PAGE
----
It was his creative spirit as a writer imagining a world that ought to be that guided him to the screen, forming alliances with actors above and below the Niger. He not only partnered with the A-list actors of the Hausa-speaking Kannywood and the English-speaking Nollywood, but got them to act alongside him in Nupe films, introducing Nupe culture to those insulated against it while restating its potentials to the informed.
At the peak of his acting career, which exploded into glory with the pace-setting “Teacher Yekondunu”, a drama loosely based on Wole Soyinka’s “The Lion and the Jewel”, we all teased that he was the most popular Nupe man alive, with his fanbase comprising kids and adults alike. Nobody, not even our politicians, commanded such popularity, especially in the Nupe-dominated hinterlands. Despite the klieglights that turned him into a cult figure, his humility was astonishing. Every outing with him was an interaction with his widespread supporters, either asking odd questions about the wicked character in this movie or the funny remark in that. The kids were even his worst tormentors, and my niece was one of them. Before I moved to Abuja, he was a regular at my place in Tunga, Minna. He was the house clown, always acting in the house for my niece. And whenever he wasn’t seen in days, she would ask, “Babo Chicha Yekondunu dan’o” – where’s Teacher Yekondunu? I’d comfort the young lady that he was at a movie location and that he would visit whenever he is done.
The perfect word to attribute to Sadisu’s venture as an actor and filmmaker is buccaneering. This is for offering the disenfranchised in a society dependent on certificates, petty trading and farming, an option to fend for themselves, boosting both commercial, social and even political engagements from the same society that had not given them a chance. Today, the Nupe film has bred numerous self-employed dreamers who have become social entrepreneurs in society. The same industry paved the way for previously unknown music artistes to access international eyes, making anthems of Nupe songs like Sibombo. This alone justified the turbaning of Sadisu as “Sarkin Wasan Nupe” – the king of Nupe Entertainment – by the Etsu Nupe, Alhaji Yahaya Abubakar Kusodu.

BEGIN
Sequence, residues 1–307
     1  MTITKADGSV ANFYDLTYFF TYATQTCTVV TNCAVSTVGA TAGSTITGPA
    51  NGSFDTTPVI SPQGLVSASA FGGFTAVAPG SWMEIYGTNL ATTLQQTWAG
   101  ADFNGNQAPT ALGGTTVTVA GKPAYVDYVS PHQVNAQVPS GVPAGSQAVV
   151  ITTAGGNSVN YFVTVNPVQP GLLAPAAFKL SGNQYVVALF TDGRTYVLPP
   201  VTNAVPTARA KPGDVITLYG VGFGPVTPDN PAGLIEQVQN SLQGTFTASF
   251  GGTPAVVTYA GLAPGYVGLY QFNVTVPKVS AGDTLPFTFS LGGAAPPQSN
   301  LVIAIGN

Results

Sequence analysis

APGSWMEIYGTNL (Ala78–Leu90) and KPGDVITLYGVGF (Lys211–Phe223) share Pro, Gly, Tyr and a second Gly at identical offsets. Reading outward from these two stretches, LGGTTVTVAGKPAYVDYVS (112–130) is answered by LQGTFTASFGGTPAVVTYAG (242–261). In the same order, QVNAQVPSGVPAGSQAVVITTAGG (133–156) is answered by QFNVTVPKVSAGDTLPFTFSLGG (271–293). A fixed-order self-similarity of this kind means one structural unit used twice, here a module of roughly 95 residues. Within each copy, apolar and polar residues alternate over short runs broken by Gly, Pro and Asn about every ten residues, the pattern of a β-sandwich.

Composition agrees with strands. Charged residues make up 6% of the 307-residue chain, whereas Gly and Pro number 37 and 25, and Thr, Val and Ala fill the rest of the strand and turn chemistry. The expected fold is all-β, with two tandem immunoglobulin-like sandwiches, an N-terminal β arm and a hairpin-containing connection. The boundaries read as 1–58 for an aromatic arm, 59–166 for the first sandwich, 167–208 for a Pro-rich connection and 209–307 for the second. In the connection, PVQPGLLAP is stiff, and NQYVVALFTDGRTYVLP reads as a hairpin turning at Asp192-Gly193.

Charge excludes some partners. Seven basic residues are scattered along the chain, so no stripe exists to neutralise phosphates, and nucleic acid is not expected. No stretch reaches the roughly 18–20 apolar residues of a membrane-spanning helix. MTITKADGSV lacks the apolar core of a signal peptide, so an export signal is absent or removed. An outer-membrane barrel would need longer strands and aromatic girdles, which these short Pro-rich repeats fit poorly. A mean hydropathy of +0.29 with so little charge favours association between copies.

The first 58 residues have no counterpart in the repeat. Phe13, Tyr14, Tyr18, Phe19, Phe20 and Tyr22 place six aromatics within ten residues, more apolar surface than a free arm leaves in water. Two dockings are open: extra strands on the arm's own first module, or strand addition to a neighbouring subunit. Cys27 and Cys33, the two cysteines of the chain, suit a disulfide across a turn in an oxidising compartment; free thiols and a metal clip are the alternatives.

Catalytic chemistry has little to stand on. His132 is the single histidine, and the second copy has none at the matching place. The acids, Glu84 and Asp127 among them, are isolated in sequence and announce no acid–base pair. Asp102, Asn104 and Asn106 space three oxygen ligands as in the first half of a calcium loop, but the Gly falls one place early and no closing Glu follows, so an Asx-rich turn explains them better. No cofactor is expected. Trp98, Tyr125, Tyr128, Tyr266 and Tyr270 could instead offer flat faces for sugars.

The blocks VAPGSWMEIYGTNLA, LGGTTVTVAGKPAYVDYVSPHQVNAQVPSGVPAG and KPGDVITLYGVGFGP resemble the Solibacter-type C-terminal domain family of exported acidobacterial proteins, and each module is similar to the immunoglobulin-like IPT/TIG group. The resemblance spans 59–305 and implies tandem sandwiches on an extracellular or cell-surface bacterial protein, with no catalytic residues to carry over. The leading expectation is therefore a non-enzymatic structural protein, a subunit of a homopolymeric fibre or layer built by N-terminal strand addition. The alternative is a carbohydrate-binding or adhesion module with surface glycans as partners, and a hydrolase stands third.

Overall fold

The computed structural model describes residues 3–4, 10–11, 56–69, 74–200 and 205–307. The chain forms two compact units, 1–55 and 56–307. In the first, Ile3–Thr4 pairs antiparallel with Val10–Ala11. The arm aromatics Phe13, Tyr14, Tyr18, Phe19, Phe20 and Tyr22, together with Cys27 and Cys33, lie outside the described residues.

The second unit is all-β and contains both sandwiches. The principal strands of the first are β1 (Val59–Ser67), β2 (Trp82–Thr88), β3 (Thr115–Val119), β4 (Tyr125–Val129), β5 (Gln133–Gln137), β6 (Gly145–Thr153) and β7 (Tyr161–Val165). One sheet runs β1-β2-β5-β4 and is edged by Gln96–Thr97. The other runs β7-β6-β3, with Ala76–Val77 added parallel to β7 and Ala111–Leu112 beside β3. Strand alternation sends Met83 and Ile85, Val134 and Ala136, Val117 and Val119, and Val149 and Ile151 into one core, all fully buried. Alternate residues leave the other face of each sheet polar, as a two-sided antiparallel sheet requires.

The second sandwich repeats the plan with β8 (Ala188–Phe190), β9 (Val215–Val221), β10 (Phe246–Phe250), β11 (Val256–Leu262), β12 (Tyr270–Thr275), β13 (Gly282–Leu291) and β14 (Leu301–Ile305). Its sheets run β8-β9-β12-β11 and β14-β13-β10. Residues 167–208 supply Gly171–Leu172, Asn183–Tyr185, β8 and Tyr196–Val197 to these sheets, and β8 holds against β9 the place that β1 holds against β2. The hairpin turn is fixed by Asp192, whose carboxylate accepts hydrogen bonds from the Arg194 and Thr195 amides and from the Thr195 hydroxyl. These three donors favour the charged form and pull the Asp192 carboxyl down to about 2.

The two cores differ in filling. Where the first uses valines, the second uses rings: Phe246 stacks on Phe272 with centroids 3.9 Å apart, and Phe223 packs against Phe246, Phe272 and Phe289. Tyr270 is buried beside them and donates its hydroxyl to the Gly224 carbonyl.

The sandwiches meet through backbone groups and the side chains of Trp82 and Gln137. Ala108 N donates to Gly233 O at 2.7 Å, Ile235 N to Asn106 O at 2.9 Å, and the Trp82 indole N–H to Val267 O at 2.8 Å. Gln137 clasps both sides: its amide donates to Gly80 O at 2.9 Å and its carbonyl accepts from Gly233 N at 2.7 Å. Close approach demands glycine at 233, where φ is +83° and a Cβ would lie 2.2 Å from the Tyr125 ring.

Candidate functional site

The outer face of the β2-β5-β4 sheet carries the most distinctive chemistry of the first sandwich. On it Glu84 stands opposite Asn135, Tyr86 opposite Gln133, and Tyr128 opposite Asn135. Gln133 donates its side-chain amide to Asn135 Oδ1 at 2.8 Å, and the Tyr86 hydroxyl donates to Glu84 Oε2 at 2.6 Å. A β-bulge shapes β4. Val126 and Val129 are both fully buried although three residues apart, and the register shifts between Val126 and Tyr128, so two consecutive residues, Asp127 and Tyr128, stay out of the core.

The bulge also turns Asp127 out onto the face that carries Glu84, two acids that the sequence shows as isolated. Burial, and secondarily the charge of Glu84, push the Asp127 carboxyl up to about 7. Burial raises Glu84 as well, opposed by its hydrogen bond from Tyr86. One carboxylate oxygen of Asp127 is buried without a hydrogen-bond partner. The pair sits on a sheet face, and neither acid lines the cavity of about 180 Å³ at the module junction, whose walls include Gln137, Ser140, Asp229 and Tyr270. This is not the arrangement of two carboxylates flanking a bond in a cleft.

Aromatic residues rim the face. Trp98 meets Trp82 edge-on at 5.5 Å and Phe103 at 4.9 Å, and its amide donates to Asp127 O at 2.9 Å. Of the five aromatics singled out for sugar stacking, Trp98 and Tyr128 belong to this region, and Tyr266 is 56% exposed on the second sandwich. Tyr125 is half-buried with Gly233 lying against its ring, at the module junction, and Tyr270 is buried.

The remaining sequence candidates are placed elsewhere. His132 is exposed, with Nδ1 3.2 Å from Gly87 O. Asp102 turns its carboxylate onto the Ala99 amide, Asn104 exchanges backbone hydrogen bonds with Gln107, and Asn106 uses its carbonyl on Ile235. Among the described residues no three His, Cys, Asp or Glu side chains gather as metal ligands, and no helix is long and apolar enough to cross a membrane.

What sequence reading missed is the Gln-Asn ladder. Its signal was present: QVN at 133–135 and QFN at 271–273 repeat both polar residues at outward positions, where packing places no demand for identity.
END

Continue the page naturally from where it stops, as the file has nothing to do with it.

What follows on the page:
Our Teacher Yekondunu will be remembered for many things, and missed for being what many feared to attempt, but I’m still grappling with the reality of Yekondunu gone, the very hopeful mind who, only last February, on reading my tribute to novelist Abubakar Gimba, said, “I can’t believe we’re discussing Abubakar Gimba in past tense. I can’t remember he is gone forever!”
In Life with a cast of all comers, all freely auditioned, and with indeterminable duration, it’s devastating coming to terms with Sadisu’s last role as a strong-willed husband, political mobiliser and serial entrepreneur, gone to be judged by its impartial Director. Ours now is a prayer, a prayer for his soul at the premiere of Life and redemption in his next role in afterlife.
By Gimba Kakanda
@gimbakakanda On Twitter